Paducah in McCracken County, Kentucky — The American South (East South Central)
Erected by Paducah Junior Chamber of Commerce. (Marker Number 793.)
Marker series. This marker is included in the Kentucky Historical Society marker series.
Location. 37° 4.734′ N, 88° 37.243′ W. Marker is in Paducah, Kentucky, in McCracken County. Marker is on Jefferson Street near North 19th Street, in the median. Click for map. Marker is in this post office area: Paducah KY 42001, United States of America.
Other nearby markers. At least 8 other markers are within 2 miles of this marker, measured as the crow flies. Forrest's Headquarters (approx. 0.4 miles away); Dr. Reuben Saunders (1808-1891) (approx. half a mile away); Grave of John T. Scopes / Scopes "Monkey Trial" (approx. half a mile away); Irvin S. Cobb (approx. half a mile away); Wacinton (approx. 0.9 miles away); Grace Episcopal Broadway Methodist (approx. 1.1 miles away); Tilghman House (approx. 1.1 miles away). Click for a list of all markers in Paducah.
Also see . . .
1. Wikipedia entry for Paducah, Kentucky.
2. Wikipedia entry for Jackson Purchase.
3. Nostalgiaville entry for Paducah, KY. Images and info from Nostalgiaville
Paducah is located on the Ohio River below the mouth of the Tennessee River. Paducah boasts more historic markers than any other city in Kentucky. Landmarks include the legendary Chief Paduke statue, 19th & Jefferson; Wacinton carved Indian statue, Noble Park; Steam Locomotive No. 1518, downtown; and the Rev. Martin Luther King, Jr. monument.
Union General U. S. Grant occupied Paducah on September 6, 1861, building a pontoon bridge across the Ohio River to the Illinois shore. Fort Anderson was built and named after Kentuckian and Fort Sumter commander Major Robert Anderson. Attacked March 25 and April 14, 1964,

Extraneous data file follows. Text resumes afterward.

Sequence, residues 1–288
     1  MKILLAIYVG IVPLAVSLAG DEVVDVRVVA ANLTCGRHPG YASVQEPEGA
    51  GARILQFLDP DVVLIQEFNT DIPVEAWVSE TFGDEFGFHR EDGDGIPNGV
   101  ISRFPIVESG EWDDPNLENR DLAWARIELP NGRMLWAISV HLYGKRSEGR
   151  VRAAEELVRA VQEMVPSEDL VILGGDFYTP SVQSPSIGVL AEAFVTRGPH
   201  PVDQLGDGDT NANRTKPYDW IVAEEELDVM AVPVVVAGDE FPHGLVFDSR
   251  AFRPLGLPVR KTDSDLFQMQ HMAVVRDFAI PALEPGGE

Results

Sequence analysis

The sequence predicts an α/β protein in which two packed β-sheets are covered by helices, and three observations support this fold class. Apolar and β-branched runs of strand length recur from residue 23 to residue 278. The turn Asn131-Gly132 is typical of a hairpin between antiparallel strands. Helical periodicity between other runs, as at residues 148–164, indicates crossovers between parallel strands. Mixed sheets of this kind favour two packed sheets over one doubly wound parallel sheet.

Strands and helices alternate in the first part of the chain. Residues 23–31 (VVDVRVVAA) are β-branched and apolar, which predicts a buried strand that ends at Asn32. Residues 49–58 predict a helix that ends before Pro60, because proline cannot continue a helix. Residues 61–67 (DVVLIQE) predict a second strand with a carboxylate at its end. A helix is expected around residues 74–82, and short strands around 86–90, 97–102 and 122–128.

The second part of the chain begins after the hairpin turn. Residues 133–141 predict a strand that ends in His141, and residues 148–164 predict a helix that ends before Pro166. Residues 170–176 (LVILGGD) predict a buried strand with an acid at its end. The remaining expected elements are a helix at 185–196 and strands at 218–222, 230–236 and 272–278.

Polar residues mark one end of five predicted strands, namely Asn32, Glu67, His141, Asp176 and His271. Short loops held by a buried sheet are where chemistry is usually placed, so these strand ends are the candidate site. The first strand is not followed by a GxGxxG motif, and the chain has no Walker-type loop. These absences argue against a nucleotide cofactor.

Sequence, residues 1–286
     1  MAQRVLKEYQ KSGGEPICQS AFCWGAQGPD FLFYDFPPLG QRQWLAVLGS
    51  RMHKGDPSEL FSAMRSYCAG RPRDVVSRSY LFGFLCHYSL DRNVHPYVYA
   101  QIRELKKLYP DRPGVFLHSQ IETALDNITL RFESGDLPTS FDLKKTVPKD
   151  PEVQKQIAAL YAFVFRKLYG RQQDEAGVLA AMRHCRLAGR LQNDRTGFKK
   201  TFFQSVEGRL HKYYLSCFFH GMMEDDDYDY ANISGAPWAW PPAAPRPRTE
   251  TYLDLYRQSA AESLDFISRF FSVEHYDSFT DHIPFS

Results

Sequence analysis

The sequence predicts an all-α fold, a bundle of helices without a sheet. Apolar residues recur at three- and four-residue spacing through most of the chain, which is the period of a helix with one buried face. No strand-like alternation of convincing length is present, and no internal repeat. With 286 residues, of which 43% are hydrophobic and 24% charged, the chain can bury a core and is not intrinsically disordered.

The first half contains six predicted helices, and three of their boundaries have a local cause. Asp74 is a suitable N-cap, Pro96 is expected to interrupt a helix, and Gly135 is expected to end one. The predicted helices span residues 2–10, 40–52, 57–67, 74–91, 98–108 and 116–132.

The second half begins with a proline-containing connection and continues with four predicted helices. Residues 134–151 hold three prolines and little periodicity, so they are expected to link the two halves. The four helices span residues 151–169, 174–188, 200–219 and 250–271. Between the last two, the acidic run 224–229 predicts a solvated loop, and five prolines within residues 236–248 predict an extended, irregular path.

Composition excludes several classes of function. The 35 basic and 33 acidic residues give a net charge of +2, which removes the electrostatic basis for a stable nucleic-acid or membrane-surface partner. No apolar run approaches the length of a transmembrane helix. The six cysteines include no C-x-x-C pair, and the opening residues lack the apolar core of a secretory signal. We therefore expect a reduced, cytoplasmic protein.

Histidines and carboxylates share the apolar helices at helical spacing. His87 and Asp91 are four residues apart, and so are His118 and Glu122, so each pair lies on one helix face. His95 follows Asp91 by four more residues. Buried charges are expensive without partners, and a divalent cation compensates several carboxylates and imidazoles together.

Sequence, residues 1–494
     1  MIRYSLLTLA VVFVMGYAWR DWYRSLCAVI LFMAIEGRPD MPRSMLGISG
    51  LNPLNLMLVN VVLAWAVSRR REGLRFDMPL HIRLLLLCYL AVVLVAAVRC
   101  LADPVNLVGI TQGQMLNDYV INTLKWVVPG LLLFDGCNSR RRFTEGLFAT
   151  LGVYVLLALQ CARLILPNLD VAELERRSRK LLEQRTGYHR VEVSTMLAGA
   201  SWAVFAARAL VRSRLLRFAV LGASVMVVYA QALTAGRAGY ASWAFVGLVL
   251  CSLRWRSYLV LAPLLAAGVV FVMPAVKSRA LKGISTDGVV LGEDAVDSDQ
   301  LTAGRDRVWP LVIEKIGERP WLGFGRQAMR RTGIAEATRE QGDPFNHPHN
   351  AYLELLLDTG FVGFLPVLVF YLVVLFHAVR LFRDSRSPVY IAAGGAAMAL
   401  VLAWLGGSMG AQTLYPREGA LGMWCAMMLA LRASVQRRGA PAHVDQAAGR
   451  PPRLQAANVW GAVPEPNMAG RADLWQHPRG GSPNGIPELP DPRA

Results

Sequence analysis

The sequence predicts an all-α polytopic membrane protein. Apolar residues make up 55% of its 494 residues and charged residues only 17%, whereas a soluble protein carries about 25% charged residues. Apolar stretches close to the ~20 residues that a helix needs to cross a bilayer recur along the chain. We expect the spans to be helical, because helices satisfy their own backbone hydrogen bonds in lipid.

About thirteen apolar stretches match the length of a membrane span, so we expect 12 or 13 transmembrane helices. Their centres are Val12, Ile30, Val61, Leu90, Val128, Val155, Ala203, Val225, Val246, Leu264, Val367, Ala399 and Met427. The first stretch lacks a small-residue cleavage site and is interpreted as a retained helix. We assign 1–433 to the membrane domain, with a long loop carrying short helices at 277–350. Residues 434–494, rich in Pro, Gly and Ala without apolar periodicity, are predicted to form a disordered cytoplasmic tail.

The organizer of the American Red Cross, Clara Barton, came to Paducah March 13, 1884, on the steamboat "Josh V. Throop" to help direct relief work during the Ohio River flood. Relief boats traveled from Pittsburgh to Cairo in the first flood relief operation of the American Red Cross.
2. The adjacent sculpture of Chief Paduke
The adjacent sculpture, titled "Chief Paduke," was sculpted by Lorado Taft and dedicated May 19, 1909. It was relocated to this site on June 3, 1937. Made from Georgia marble, it stands five feet tall on a seven foot tall stone base.
The sculpture commemorates Chief Paduke, for whom the city was named. It was commissioned by the Paducah Chapter of the Daughters of the American Revolution for $3,000, at the suggestion of the Paducah chapter's regent, Mrs. E. G. Boone. Chief Paduke was reported to be either from
Source: Smithsonian Institution Research Information System
Additional keywords. United States Colored Troops
Categories. • Exploration • Native Americans • Notable Persons • Settlements & Settlers •
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